They're not really from the same company: Google bought Analytics when it bought the company Urchin. I think Googlemail is their own vomit.
Does Mr. Abbott advise his clients that using Analytics is possibly in breach of data protection legislation?
Missing the point
The decision is one about unfair competition and that the media player decision can be seen as a precedent. There have been many analogies for other industries which don't need repeating here. What probably is important is that it makes it less likely that Microsoft can railroad Silverlight through as the rich runtime. But the decision also sends a warning to Google's nascent ambitions with Chrome.
If you build them they will come.
While telco's are probably not desperate to upgrade their entire networks to support any new standards, they do now have established mobile data customer bases. So, as long as they don't have to bid for spectrum they will continue to roll out new kit and upgrade key locations: stations, airports, etc. just as they have with UMTS to HSDPA and then HSUPA and LTE fits in nicely. Probably available first as a USB stick before getting Jobs to tell everyone how great the JesusPhone 4G is - the fanboys. As for what the bandwidth will be used for - porn, just like normal highspeed internet connections.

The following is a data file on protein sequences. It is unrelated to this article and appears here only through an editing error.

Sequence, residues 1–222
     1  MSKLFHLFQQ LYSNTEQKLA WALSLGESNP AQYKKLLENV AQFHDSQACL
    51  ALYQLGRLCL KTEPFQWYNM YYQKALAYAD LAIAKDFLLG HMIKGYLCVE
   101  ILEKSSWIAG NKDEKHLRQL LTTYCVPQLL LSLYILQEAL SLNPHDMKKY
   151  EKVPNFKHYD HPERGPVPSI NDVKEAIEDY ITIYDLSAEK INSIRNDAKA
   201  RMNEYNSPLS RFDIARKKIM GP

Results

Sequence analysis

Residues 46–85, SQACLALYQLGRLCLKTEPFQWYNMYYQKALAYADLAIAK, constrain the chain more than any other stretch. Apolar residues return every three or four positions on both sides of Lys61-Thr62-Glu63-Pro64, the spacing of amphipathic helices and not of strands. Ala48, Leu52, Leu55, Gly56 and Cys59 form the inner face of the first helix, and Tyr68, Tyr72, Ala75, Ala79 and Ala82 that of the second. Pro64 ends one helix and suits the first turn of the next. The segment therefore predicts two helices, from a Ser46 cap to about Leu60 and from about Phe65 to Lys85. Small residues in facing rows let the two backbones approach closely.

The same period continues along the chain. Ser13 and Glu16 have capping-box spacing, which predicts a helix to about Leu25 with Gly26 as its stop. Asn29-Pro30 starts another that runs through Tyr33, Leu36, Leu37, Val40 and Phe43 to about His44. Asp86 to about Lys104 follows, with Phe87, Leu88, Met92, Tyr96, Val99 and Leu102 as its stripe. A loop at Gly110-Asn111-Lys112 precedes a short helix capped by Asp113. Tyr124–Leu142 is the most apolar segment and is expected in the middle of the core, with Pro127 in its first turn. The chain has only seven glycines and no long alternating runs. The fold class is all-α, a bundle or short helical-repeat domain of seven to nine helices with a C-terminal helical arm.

@aving angry loony
Dell has never really received Irish taxpayers' money as it has been a net receiver of EU development aid ever since joining the EU. So, it's been German taxpayers' money all the time and they're generally quite happy to pay to increase trade: what cars do the workers at the factories wherever they are buy?
I thought the latest stats from Slovakia, along with the Baltic states, weren't that positive. Romania and Bulgaria are the current places to go in the EU.
@Danny O. Snow
Would that be the "Book of the Long Tail" you're dusting off by any chance? I'd thought we'd manage to scare off all Web 2.0 cultists but obviously not. As you're unlikely to understand any form of irony: you and your fellow "fellows" are self-deluding fools. Profound implications for mankind, indeed! Why? Is it a cure for malaria?
Thanx El Reg for an excellent article and thanx to those commenters with additional information. To recap for the hard of thinking, the whole thing started off by Google illegally scanning copyrighted and out of copyright works ostensibly for "the greater good". But instead of a court case which should lead to a seizure of all related assets and a promise not to do it again, Google has turned it into a landgrab and precedent for other media (read YouTube - "Viacom come to an agreement or have it dictated to you by Google's pet courts") for Google to place its adverts. Next step - copyrighting the future.
Mind you, I reckon we'll all go along with whatever Google wants if it leads to unlimited, free porn!
@Mr. Gosselin. I think you'll find the drivers are very much part of the business model as they can make such a difference to the performance and, with respect, most hardware companies have got better things to do than chase kernel releases.